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Total Internal Reflection Total internal reflection can occur when light attempts to move from a medium with a high index of refraction to one with a lower index of refraction Ray 5 shows internal reflection

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Critical Angle A particular angle of incidence will result in an angle of refraction of 90° This angle of incidence is called the critical angle

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Critical Angle, cont For angles of incidence greater than the critical angle, the beam is entirely reflected at the boundary This ray obeys the Law of Reflection at the boundary Total internal reflection occurs only when light attempts to move from a medium of higher index of refraction to a medium of lower index of refraction

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Fiber Optics An application of internal reflection Plastic or glass rods are used to “pipe” light from one place to another Applications include Medical use of fiber optic cables for diagnosis and correction of medical problems Telecommunications

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R > nd/(n-1)

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Solution 22.52 (a) A ray originally traveling along the inner edge will have the smallest angle of incidence when it strikes the outer edge of the fiber in the curve. Thus, if this ray is totally internally refl ected, all of the others are also totally reflected. For this ray to be totally internally reflected it is necessary that θ≥θ c or sinθ≥sinθ c = 1/ But, sinθ = (R-d)/R, so we must have (R –d)/R ≥ 1/n which simplifies to R ≥ nd /(n−1) (b) As d→0, R→0. This is reasonable behavior. As n increases, R min = nd/(n-1) = d/(1-1/n) decreases. This is reasonable behavior. As n→1, R min increases. This is reasonable behavior. (c) R min = nd/(n-1) = 1.4x100μm/(1.4-1) = 350 μm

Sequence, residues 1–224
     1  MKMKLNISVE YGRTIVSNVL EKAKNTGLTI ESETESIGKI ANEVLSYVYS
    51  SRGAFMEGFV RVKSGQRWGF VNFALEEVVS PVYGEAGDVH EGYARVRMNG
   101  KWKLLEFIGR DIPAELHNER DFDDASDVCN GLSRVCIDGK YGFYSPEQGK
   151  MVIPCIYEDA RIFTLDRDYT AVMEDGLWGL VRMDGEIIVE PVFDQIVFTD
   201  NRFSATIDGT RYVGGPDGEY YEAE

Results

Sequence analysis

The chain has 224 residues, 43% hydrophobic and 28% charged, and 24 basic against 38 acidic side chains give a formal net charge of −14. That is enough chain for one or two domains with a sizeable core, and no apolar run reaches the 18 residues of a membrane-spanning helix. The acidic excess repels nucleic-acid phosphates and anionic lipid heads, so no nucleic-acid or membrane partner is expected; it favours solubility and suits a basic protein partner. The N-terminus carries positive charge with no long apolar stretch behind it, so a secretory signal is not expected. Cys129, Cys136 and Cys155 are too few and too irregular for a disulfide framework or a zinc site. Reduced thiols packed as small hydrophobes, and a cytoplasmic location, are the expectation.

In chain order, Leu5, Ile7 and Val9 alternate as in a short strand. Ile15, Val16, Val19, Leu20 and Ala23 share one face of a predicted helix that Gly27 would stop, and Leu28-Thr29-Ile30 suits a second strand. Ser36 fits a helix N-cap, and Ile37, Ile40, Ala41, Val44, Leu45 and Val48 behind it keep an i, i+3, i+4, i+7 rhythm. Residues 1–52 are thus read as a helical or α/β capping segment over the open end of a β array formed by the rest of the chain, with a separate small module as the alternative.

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What is the index of refraction? 22.20

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Since the light ray strikes the first surface at normal incidence, it passes into the prism without deviation. Thus, the angle of incidence at the second surface (hypotenuse of the triangular prism) is θ 1 =45.0°, as shown in the sketch at the right. The angle of refraction is θ 2 =45.0°+15.0°=60.0° and Snell’s law gives the index of refraction of the prism material as n 2 = n 1 sin θ 1 / sin θ 2 = 1 sin 60/sin 45 = 1.22

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20.49 What is θ 4 ? n 2 is increased, at what value of n 2 the light beam goes straight through?

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20.49 solution θ 1 = 60 = θ 2 θ 3 +90 +30+30 = 180 => θ 3 = 30 n 1 sin 30 = sinθ 4 θ 4 = 38.5 n 2 > n 1 sin 60 = (1.66) sin60 = 1.44

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Snell’s Law Snell’s Law describes refraction as light strikes the boundary between two media n1 sin q1 = n2 sin q2 The index of refraction of a pure vacuum.

Snell’s Law Snell’s Law describes refraction as light strikes the boundary between two media n1 sin q1 = n2 sin q2 The index of refraction of a pure vacuum.